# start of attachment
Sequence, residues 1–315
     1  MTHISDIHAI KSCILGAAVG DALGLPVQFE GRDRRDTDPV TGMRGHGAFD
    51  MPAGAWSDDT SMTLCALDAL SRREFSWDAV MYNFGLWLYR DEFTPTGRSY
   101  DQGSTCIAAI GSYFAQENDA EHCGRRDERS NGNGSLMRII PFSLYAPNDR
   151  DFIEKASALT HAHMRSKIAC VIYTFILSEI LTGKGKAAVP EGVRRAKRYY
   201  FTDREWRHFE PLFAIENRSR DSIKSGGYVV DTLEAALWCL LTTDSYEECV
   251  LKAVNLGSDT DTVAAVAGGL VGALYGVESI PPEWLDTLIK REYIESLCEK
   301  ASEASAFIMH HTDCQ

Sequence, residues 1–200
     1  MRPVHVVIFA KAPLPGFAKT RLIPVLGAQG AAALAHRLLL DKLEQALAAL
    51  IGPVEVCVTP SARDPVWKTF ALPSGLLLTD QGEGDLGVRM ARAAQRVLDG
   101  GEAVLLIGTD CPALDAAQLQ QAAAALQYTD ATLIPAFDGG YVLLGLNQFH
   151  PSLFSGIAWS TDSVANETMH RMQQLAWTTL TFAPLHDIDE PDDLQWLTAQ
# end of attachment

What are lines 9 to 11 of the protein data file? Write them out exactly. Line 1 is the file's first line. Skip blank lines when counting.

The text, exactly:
Sequence, residues 1–200
     1  MRPVHVVIFA KAPLPGFAKT RLIPVLGAQG AAALAHRLLL DKLEQALAAL
    51  IGPVEVCVTP SARDPVWKTF ALPSGLLLTD QGEGDLGVRM ARAAQRVLDG